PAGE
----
At a more carefree time in American history — actually, just a few years ago — “Sports Illustrated” featured a tongue-in-cheek digest of offbeat stories under the heading “Signs the Apocalypse is upon us.”
For many readers, that periodical’s very own apocalypse came in 2020, when the magazine morphed into a monthly publication.
In November of that same year, it was reported that Joe Biden was elected as our 46th president.
Perhaps it is more curiosity than coincidence, but signs and wonders — or, more accurately, “signs that make you wonder” — have proliferated during the Biden presidency.
A trio of recent news items provides intriguing examples. Though not all of them directly involve Joe Biden, they have happened “on his watch,” which undoubtedly has been punctuated by plenty of presidential naps.
Biden cites Franklin — not Benjamin, but Aretha
Rather than invoking the memory of a Founding Father, Ol’ Joe’s misfiring memory prompted him to recall a catchy tune from the “Queen of Soul.” Attempting to mount a rhetorical defense of his oft-criticized absence from the disaster site in East Palestine, Ohio, the chief executive stumbled into a verbal quagmire.
Quoth the commander-in-chief, when asked about a possible visit to eastern Ohio: “At this point, I’m not. I did a whole video, I mean, what the hell on…”
A reporter quickly intervened, asking “Zoom?”
“Zoom! All I can think of every time I think of Zoom is that song in my generation, ‘Who’s Zoomin’ Who,’” responded the Leader of the Free World.
Mayor Pete’s tenure at Transportation
Once considered a rising star for the Dems, current transportation secretary and former South Bend, Indiana, Mayor Pete Buttigieg has seen his political prospects dim drastically, given that his grasp of sound public policy is tenuous.
So intent were the progressive personnel experts on pursuing their definition of “diversity” for the Biden cabinet that they ignored the sobriquet South Bend residents had adopted for their ex-mayor: “Pothole Pete.” Not a great nickname for a transportation secretary.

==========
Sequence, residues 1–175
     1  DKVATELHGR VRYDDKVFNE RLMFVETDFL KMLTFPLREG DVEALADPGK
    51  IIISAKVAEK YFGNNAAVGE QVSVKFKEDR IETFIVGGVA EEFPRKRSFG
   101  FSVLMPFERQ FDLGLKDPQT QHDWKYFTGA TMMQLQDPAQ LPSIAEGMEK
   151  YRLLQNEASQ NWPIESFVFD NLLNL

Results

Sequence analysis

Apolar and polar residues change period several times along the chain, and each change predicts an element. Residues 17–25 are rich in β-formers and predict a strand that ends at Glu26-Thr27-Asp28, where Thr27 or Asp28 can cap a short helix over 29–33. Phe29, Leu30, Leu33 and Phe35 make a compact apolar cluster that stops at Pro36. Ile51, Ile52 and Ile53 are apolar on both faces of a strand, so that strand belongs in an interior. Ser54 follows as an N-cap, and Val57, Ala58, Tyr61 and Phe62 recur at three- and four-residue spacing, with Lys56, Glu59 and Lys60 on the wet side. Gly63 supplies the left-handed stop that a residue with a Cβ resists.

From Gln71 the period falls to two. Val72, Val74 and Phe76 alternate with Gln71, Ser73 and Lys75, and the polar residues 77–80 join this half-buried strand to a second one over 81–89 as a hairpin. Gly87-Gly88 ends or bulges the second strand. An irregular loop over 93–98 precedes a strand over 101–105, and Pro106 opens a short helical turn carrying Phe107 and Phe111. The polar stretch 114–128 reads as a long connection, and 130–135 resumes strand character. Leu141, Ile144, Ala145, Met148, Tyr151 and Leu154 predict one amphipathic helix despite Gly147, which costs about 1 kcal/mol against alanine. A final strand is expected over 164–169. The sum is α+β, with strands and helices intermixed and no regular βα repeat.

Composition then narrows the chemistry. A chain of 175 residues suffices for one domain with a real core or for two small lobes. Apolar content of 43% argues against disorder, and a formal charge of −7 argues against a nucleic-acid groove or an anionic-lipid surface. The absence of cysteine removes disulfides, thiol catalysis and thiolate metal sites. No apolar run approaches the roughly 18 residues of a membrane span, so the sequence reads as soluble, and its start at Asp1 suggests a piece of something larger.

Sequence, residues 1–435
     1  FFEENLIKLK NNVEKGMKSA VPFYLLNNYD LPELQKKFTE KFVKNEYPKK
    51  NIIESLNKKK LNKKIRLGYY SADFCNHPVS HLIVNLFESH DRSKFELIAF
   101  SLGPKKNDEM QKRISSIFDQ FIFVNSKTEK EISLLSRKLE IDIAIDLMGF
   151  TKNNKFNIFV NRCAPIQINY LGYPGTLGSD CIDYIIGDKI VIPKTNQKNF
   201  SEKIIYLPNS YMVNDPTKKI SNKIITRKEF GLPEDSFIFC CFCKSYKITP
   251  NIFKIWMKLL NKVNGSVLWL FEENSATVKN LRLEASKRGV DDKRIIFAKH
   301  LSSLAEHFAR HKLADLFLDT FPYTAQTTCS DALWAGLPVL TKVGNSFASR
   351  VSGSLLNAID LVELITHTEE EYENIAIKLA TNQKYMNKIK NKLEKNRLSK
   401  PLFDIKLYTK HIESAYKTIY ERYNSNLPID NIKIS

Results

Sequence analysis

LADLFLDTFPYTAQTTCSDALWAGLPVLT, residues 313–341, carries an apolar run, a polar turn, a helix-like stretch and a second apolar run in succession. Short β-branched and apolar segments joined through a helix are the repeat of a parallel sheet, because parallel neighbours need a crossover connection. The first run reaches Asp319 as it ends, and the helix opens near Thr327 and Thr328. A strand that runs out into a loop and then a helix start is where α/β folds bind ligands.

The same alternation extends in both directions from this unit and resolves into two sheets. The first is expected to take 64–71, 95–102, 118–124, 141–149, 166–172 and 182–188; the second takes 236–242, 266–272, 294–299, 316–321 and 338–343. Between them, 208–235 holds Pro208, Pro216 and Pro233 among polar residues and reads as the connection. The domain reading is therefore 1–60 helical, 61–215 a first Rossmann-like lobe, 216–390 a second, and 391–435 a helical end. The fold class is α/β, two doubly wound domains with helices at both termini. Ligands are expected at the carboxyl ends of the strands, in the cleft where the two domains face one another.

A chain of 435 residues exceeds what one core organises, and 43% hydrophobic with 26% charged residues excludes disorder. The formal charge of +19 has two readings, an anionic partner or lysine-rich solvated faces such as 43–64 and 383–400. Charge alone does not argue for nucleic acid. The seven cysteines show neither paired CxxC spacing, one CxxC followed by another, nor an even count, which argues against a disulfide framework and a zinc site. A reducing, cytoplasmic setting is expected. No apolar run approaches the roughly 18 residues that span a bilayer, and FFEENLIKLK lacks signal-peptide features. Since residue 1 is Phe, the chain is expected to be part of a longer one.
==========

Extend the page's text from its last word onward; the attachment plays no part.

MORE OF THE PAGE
Identity politics and an overhyped intellect combined to propel leftist hopes sky-high for Buttigieg. But a stalled international supply line, severe holiday airline delays, and several aircraft near-misses brought those great expectations crashing to earth.
And then came his visit to East Palestine, Ohio — 20 days after the train wreck.
The term “train wreck” aptly applied to the secretary’s excursion. Residents and authorities got a good look at Buttigieg’s sour facial expression, earning him a new nickname: “Pouting Pete.”
When faced with the enormity of a major train derailment and ensuing chemical spill, the novelty of a gay adoptive father possessing the musical prowess of a concert pianist mattered not a whit.
He had trouble speaking English, muttering this unfortunate pun at a press conference: “I lost my train of thought.”
New presidential priority: ‘Putting Ukraine first’
Short-term memory loss isn’t just for the octogenarian occupant at 1600 Pennsylvania Avenue.
White House strategists believe it likewise affects the American population at large — though not through collective aging. Instead, it arrives via “information overload.”
With a news cycle seemingly updated by the nanosecond, it’s impossible for John and Jane Q. Public to keep pace. Adding to the confusion is the reality of our leader “being of two minds” — bellicose toward Russia, benevolent to Ukraine — and relying at home on his muscle memory of “Medi-scare” to blame political opponents — all while spending as if there’s no tomorrow.
On Feb. 17 — 10 days after accusing Republicans of plans to raid Social Security and Medicare — and three days before his surprise visit to Ukraine, Biden promised propping up similar programs “over there” with American tax dollars: “It’s gonna allow pensions and social support to be paid to the Ukrainian People, so they have something … something in their pockets.”
Yep, from our pockets to theirs … with even more in the pockets of Ukraine’s leader?
Meantime, “Bidenflation” has taken buying power away from family budgets in the United States; Ol’ Joe’s Pentagon “Brain Trust” is more concerned with protecting gender-fluid pronouns than responding effectively to Chinese provocations; and “homeland security” has become as oxymoronic as “jumbo shrimp.”
So put down your old copy of “Sports Illustrated,” pick up your headphones and listen to Barry McGuire’s 1965 hit “Eve of Destruction.” Sounds as if the apocalypse is upon us.